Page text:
General Motors Truck Company, USA

General Motors Truck Company, USA

GMC (General Motors Truck Company) USA


July 22, 1911; 106 years ago
William C. Durant

Detroit, Michigan, U.S.


GMC (General Motors Truck Company), formally the GMC Division of General Motors LLC, is a division of the American automobile manufacturer General Motors (GM) that primarily focuses on trucks and utility vehicles. GMC sells pickup and commercial trucks, buses, vans, military vehicles, and sport utility vehicles marketed worldwide by General Motors.



1908-1990s :

General Motors was founded by William C. Durant on September 16, 1908, as a holding company for Buick.In 1909, GM purchased the Rapid Motor Vehicle Company of Pontiac, Michigan, forming the basis of the General Motors Truck Company, from which the "GMC Truck" brand name was derived. Rapid was established on December 22, 1901, by Max Grabowsky. The company developed some of the earliest commercial trucks ever designed, that utilized one-cylinder engines.

The Reliance Motor Car Company was also purchased that same year by GM. Rapid and Reliance were merged in 1911, and in 1912 the marque "GMC Truck" first appeared on vehicles exhibited at the New York International Auto Show. Some 22,000 trucks were produced that year, though GMC's contribution to that total was a only 372 units. Later "GMC" would become distinct as a division brand within the corporation, branding trucks and coaches; in contrast, the abbreviation for the overall corporation eventually ended up as "GM".

In 1920, the GMC brand incorporated the use of pneumatic tires on light GMC trucks, replacing the traditional solid rubber tires. A year later, the new K-Model trucks were debuted that featured the famous Northway Engines. Additionally, dual-range 7-speed transmissions and electric lamps were available as standard equipment on all GMC trucks.

GMC maintained three manufacturing locations in Pontiac, Michigan, Oakland, California, and Saint Louis, Missouri. In 1916, a GMC Truck crossed the country from Seattle to New York City in thirty days, and in 1926, a 2-ton GMC truck was driven from New York to San Francisco in five days and 30 minutes. During the Second World War, GMC Truck produced 600,000 trucks for use by the United States Armed Forces.

In 1925, GM purchased a controlling interest in Yellow Coach, a bus manufacturer based in Chicago, Illinois which was founded by John D. Hertz.By 1937, the company had redesigned 23 of their vehicle models that featured the latest 2-color scheme and new streamline styling. A few years later, the production of three new small block engines began and diesel engines were released for the heaviest GMC models.

After purchasing the remaining portion in 1943, GM renamed it GM Truck and Coach Division. The Division manufactured intercity coaches until 1980. Transit bus production ended in May 1987. The Canadian plant (in London, Ontario) produced buses from 1962 until July 1987. GM withdrew from the bus and coach market because of increased competition in the late 1970s and 1980s. Rights to the RTS model were sold to Transportation Manufacturing Corporation, while Motor Coach Industries of Canada purchased the Classic design.In 1998, GMC's official branding on vehicles was shortened from "GMC Truck" to simply "GMC".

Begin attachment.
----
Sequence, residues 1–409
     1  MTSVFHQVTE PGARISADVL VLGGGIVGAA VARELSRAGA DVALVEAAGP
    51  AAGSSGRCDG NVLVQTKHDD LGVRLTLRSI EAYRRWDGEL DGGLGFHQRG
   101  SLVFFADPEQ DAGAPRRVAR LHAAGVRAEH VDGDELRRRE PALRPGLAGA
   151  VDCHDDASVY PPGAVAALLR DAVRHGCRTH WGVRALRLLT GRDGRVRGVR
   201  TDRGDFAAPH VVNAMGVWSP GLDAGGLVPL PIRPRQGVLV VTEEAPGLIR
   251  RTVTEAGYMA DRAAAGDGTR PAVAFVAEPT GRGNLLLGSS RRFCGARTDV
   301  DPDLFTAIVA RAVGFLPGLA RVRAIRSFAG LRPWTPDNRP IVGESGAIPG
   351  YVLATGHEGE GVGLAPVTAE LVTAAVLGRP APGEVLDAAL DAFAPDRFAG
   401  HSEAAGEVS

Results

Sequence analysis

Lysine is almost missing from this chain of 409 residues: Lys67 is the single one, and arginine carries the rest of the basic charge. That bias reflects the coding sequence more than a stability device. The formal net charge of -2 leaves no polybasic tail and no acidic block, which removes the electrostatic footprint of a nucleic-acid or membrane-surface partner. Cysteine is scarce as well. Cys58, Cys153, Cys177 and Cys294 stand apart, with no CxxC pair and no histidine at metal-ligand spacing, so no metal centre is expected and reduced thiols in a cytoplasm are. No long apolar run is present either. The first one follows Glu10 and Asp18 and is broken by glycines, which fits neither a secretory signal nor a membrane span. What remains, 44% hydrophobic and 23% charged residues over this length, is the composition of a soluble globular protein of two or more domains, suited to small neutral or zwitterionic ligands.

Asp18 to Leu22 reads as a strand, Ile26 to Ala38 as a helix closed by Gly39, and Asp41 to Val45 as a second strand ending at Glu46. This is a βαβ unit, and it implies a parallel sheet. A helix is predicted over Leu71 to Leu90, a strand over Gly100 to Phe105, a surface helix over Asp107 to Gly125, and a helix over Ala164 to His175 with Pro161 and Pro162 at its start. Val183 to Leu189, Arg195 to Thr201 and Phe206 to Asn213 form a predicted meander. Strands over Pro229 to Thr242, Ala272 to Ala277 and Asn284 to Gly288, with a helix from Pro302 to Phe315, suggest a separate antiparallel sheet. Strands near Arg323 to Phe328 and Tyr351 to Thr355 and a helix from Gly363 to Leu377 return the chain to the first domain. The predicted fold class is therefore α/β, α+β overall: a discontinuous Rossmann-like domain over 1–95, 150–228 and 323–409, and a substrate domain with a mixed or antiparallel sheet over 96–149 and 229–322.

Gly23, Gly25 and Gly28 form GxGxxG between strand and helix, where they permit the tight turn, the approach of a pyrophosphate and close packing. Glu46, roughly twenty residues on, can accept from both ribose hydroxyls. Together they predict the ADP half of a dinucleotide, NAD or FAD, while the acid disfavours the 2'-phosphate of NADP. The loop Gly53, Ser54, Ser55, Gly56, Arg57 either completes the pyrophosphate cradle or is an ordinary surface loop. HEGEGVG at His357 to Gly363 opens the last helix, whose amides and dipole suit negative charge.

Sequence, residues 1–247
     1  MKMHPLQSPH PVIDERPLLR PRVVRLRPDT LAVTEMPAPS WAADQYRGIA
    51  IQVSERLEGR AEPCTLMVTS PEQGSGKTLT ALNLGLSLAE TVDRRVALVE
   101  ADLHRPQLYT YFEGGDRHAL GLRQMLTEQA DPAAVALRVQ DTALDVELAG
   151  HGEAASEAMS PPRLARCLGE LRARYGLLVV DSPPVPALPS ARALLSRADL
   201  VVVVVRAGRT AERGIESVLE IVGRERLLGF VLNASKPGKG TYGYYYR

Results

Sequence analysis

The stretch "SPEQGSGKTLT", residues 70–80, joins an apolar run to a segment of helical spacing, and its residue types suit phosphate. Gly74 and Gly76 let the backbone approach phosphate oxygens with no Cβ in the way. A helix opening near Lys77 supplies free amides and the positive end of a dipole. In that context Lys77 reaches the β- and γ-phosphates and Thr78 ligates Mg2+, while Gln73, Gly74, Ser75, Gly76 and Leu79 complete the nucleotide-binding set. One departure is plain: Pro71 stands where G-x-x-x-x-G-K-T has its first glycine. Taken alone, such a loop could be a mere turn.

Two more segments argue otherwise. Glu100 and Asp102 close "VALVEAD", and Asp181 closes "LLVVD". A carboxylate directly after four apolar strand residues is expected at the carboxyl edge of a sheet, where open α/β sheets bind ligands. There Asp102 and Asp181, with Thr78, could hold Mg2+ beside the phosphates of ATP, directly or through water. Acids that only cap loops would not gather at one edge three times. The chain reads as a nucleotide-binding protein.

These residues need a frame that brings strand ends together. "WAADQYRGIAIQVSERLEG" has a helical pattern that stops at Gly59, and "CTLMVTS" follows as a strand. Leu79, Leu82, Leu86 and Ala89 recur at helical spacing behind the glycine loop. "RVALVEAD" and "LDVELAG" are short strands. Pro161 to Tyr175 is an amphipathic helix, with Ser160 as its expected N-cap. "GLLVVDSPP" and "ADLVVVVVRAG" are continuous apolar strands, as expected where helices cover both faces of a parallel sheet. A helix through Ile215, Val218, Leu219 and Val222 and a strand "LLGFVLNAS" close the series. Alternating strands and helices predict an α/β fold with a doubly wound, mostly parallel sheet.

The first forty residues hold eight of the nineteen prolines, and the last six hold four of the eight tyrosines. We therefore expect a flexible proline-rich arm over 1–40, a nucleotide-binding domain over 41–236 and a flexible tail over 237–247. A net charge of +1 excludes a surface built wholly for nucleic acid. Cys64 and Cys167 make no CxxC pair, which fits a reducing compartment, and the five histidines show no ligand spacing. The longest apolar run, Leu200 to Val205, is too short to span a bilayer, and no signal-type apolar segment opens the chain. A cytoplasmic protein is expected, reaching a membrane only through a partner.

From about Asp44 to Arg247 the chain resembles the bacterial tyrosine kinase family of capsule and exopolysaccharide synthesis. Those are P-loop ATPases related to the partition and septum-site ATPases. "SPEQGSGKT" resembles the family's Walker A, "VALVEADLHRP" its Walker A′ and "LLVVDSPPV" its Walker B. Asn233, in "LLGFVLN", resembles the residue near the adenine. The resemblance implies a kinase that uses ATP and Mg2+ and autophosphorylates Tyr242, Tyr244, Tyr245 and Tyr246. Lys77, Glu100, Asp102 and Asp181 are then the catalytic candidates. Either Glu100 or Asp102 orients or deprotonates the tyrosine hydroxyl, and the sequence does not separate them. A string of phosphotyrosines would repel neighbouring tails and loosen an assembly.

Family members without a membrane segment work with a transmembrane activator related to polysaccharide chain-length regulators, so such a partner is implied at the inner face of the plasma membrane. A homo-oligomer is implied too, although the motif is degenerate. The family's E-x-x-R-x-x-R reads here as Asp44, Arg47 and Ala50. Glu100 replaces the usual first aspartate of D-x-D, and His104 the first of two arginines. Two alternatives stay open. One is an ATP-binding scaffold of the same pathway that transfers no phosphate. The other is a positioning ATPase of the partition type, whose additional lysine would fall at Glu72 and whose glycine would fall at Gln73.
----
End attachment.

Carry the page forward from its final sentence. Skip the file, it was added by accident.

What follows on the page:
2000s :

In 2002, GMC released a book entitled, GMC: The First 100 Years, a complete history of the company.

GMC currently manufactures SUVs, pickup trucks, vans, light-duty trucks, and medium duty trucks. In the past, GMC also produced fire trucks, ambulances, heavy-duty trucks, military vehicles, motorhomes, and transit buses.


Logo & Brand

The very first GMC logo was designed in orange, black and white colors. It featured a stylized GMC wording with M stretching the side bars wide as if carrying the other two letters. This was too sophisticated for the commercial trucks manufacturer and was replaced with white GMC Truck sign on black background.

The logo first used the font that became the brand’s iconic image. The ‘Truck’ word was soon omitted, leaving the GMC sign alone. The next GMC emblem was designed in dark-red color and featured a silver border.This combination went on to become the brand’s new identity as the red color symbolized raw power and hard-line character of the vehicles, carrying the GMC logo on the grills. It was later updated as the red color became lighter and the silver border acquired more shades. This logo is now representing the iconic American manufacturer of trucks, SUVs and other commercial vehicles and symbolizes utility and reliability.


Popular Models

GMC Models Lineup Light-Duty Trucks

  • C and E Series (1941 to 1947)
  • Blue Chip series (1955 to 1959)
  • C and K Series (1960 to 1998)
  • Sprint (1971 to 1977)
  • Caballero (1978 to 1987)
  • Sonoma (1991 to 2004)
  • Syclone (1991 to 1991)
  • Sierra (1996 to Present)
  • Canyon (2004 to Present)

Medium-Duty Truck Models

  • L- Series (1960 to 1984)
  • Topkick (1980 to 1996)
  • C-Series (1960 to 2009)
  • Forward (1980 to 2010)
  • T-Series (1994 to 2010)
  • Topkick (2003 to 2009)

Heavy-Duty Truck Models

  • DLR/F/“Crackerbox” (1959 to 1968)
  • B-Model (1960 to 1966)
  • Astro 95 (1968 to 1988)
  • General (1977 to 1988)
  • Brigadier (1978 to 1988)


  • P-series (1940 to 1980)
  • "Old Look” (1940 to 1969)
  • “New Look” (1959 to 1986)
  • RTS (1977 to 1987)
  • Classic (1982 to 1987)
  • B-series (1966 to 2003)
  • S-series (1986 to 1989)


  • Handi-Van (1964 to 1970)
  • Handi-Bus (1964 to 1970)
  • Vandura (1970 to 1996)
  • Safari (1985 to 2005)
  • Savana (1996 to Present)



SUV Models

  • Suburban 1937 to 2000)
  • Jimmy (1969 to 2005)
  • S-15 Jimmy (1983 to 2005)
  • Typhoon (1292 to 1993)
  • Yukon (1992 to Present)
  • Envoy (1998 to 2009)
  • Yukon Hybrid (2009 to 2013)
  • Yukon XL (2001 to Present)
  • Acadia (2007 to Present)
  • Terrain (2010 to Present)


Share post